What is Pediatric Advanced Life Support? (PALS)

Pediatric Advanced Life Support (PALS) prepares healthcare specialists to provide emergency medical care to infants, newborn babies, and children until puberty.

However, the training program concentrates on teaching vital skills for helping children up till the age of puberty.

PALS’ primary goal is to provide critically ill newborns with emergency life support.

As a result, it increases their survivability rate and brings them into a stable and healthy physiological state.

What Does PALS Training Teach?

The PALS program is a two or three-day course which focuses on training medical professionals (especially those who work in the pediatric care field).

It includes proper assessment and intervention training, infant resuscitation, and respiratory diagnosis and treatment.

Healthcare specialists also learn CPR and AED use,  pulmonary and cardiac arrest assessment and management, shock management, airway management, pediatric team dynamics, and other medical-related procedures.

PALS Course Curriculum:

  • Assessment and intervention training
  • Infant rescusistation
  • Respiratory diagnosis and treatment
  • CPR and AED use
  • Pulmonary/cardiac arrest assessment and management
  • Shock management
  • Airway management
  • Pediatric team dynamics
  • Other related medical procedures

This training aims to enable medical professionals to detect and treat infant illnesses, injuries, and complications.

PALS training provides students with classroom, textbook, and video-related materials.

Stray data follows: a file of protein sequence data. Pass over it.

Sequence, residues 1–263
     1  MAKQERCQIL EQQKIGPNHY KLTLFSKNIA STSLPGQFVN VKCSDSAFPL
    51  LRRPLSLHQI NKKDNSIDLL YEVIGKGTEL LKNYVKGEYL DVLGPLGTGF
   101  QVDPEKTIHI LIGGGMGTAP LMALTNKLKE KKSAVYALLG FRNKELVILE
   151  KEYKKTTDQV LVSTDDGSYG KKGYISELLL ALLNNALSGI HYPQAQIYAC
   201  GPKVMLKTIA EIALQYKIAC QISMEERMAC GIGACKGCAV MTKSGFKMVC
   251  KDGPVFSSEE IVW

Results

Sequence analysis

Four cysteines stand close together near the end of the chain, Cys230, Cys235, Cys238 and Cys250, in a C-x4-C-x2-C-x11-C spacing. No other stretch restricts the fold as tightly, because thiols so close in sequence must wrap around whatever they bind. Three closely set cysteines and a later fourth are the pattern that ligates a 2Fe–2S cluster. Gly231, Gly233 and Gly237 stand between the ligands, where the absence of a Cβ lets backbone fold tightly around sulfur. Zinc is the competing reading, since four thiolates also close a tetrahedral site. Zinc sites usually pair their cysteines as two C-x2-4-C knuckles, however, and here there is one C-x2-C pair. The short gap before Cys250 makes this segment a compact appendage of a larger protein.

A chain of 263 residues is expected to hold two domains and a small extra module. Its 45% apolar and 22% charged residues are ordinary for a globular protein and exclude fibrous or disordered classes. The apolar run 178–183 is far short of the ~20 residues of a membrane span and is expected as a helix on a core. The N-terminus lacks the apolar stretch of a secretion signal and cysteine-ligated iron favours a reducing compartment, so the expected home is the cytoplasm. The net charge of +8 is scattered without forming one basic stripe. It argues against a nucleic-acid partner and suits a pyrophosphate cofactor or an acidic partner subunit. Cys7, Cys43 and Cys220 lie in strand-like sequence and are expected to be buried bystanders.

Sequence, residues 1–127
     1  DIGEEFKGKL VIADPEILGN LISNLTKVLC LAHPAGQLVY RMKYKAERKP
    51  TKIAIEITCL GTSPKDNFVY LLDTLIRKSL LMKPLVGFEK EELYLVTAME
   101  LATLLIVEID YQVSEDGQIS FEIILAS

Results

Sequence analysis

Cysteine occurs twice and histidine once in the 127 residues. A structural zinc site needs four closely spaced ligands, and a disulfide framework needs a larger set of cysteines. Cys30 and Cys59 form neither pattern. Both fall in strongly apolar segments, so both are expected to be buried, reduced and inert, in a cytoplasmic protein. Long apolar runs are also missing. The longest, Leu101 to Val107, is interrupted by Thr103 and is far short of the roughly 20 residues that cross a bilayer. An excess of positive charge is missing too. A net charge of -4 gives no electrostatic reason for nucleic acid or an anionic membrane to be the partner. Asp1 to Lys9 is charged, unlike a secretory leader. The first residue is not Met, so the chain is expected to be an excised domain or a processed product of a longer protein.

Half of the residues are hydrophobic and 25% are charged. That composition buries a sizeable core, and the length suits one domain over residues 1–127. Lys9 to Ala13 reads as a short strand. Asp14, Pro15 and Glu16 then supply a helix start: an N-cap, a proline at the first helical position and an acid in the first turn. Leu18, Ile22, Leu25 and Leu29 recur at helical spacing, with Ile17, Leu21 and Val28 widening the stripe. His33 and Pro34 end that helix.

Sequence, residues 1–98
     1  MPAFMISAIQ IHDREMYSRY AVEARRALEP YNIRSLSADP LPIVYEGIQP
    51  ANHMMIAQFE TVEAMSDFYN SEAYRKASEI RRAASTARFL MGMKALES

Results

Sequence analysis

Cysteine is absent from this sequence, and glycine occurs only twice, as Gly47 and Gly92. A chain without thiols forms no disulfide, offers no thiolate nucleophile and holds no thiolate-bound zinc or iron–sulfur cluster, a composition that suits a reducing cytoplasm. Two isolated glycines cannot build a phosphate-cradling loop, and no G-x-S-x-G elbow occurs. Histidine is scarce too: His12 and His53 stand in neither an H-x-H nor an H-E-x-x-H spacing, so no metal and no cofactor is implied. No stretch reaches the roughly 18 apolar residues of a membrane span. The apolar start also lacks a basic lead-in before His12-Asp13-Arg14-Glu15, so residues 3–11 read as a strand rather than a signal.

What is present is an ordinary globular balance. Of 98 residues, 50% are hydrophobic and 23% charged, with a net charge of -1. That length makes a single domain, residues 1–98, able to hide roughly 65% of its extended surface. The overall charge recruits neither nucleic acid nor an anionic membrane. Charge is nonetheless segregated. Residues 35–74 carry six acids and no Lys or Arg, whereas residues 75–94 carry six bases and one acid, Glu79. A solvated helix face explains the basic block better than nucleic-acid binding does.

In addition, there’s a series of simulated pediatric emergencies to provide students with a deep understanding and comprehension of the importance of PALS training.

These stimulated emergencies reinforce the educational lessons on the proper assessment and treatment of infant and child illnesses.

As a result, specialists are more prepared and able to provide emergency care in the field.

Who Requires PALS Training?

Healthcare providers like registered nurses in NICU units primarily learn PALS due to their direct infant care setting.

It teaches these healthcare specialists to respond quickly to emergencies related to infants and children until puberty.

Most adults who are not healthcare providers or don’t respond to infant-related emergencies do not learn PALS.

The most common specialists who receive PALS certification include RNs, physicians, first responders, and paramedics.

Not all physicians, first responders, or paramedics receive PALS certification, especially if they primarily treat adults.

PALS training is relevant in healthcare settings that provide primary care to infants and children until puberty.

Nonetheless, other healthcare occupations that provide life-saving care to infants may also receive PALS certification. 

Pediatric Advanced Life Support Certification

Numerous online and in-person resources offer PALS certification for qualified healthcare professionals.

Those interested in obtaining Pediatric Advanced Life Support certification should check out The American Heart Association website.

This website offers excellent information on receiving Pediatric Advanced Life Support certification.

It also provides plenty of data and resources to answer questions about the PALS exam.

You can also find additional resources on PALS at your local hospital, library, or community healthcare center.

These locations offer PALS certification or provide resources to learn about the program and where to receive training.

The Pediatric Advanced Life Support certification is a relatively short training program.

Most individuals complete the course within 2 – 3 days.

It prepares healthcare professionals who treat infants and young children to provide life-saving advanced pediatric life support.